“And,” he added before I could reply, “When the asshole comes in here to take you out, he may see me. He stops a moment. He thinks. Maybe he knows. Maybe he suspects. Maybe he worries I’m the one. Maybe he wonders if there are more like me he doesn’t see. Maybe he thinks about his family. Maybe he decides not to do it. Or, maybe he does it anyway. That’s the best I can do. That’s the best anyone can do.” He finished his drink quickly, got up, and walked back over to the door where he stood and stared at me again.

I share this story because I have reflected on it from time to time over the years and I have always wondered what it meant. Now, I believe I have the handle. It is a metaphor for what is happening in America.

Just as I thought Juan could save me from the bad guys, since 9/11 most of America believes Bush, Ashcroft, Ridge, and the rest of our “bodyguards” are going to do the same. They haven't, they can’t, and they won’t, and by trying to "save" us, they are erecting a metal box surrounded by guards, and guards to watch those guards. The misnamed “Patriot Act II” is not the only example, but a good one. This piece of legislation would allow secret arrests with no timeframe for indictment, provides a 5 year prison term for anyone in government who discloses the identity of someone who has been secretly detained, provides that government authorities are entitled to have one-on-one meetings with judges without defense counsel present or even being notified, and gives the Attorney General the right to revoke U.S. citizenship of naturalized citizens who donate to the wrong charities and extradite those charged to any country in the world, whether there is an extradition treaty in place or not.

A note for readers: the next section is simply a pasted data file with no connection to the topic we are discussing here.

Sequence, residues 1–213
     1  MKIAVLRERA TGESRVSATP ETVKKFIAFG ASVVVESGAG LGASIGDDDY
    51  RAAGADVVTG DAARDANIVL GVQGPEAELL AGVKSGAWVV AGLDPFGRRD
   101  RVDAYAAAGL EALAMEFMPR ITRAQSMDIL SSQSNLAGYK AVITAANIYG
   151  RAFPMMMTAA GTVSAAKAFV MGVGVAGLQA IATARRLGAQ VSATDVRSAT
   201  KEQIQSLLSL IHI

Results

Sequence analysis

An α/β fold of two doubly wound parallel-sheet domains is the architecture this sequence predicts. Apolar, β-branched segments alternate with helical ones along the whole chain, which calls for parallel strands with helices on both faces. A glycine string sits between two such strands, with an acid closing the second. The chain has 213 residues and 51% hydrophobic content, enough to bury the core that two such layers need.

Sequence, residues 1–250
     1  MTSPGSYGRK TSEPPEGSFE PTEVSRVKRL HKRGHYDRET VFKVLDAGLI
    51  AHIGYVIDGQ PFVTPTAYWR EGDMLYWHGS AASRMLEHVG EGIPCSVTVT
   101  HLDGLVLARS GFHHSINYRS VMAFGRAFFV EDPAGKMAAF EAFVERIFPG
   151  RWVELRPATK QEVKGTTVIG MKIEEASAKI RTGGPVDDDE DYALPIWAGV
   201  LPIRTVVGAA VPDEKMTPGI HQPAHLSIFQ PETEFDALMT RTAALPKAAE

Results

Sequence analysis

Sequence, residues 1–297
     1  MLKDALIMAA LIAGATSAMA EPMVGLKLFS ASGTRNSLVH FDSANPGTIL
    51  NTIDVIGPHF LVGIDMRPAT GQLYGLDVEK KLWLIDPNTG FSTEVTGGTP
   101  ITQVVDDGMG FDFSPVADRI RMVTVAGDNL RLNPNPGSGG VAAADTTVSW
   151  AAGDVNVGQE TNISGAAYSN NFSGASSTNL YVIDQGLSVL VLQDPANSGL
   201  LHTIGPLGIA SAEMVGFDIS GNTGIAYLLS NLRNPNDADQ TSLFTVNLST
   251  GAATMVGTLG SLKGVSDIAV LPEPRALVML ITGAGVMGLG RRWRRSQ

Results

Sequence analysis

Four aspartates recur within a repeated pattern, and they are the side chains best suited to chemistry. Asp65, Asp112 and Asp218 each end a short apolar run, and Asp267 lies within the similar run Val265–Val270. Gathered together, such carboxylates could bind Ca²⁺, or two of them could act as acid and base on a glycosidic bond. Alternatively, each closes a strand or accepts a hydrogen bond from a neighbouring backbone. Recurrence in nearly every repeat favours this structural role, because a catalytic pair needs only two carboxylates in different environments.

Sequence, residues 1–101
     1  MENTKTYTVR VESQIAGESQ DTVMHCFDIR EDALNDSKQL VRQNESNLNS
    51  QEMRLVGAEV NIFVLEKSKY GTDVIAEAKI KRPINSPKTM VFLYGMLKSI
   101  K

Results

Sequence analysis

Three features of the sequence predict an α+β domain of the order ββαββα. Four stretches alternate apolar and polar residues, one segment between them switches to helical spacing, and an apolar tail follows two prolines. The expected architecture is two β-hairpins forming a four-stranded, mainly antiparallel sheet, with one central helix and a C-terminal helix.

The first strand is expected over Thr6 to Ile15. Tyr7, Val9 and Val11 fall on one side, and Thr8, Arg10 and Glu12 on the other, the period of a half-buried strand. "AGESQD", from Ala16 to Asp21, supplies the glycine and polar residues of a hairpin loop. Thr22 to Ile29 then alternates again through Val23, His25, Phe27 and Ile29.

Folks, the real danger we face is not a bullet in the head or a bomb on the bus. Sure, they are possibilities, but there is a much greater possibility you will get robbed today by another Good American and shot for your wallet, or that your bus will run over you when you step into the street. Those realities are not going to change, and trying to set up barriers between us and the rest of the world won’t stop anyone who wants to walk across a room with a bomb or a bullet from doing so.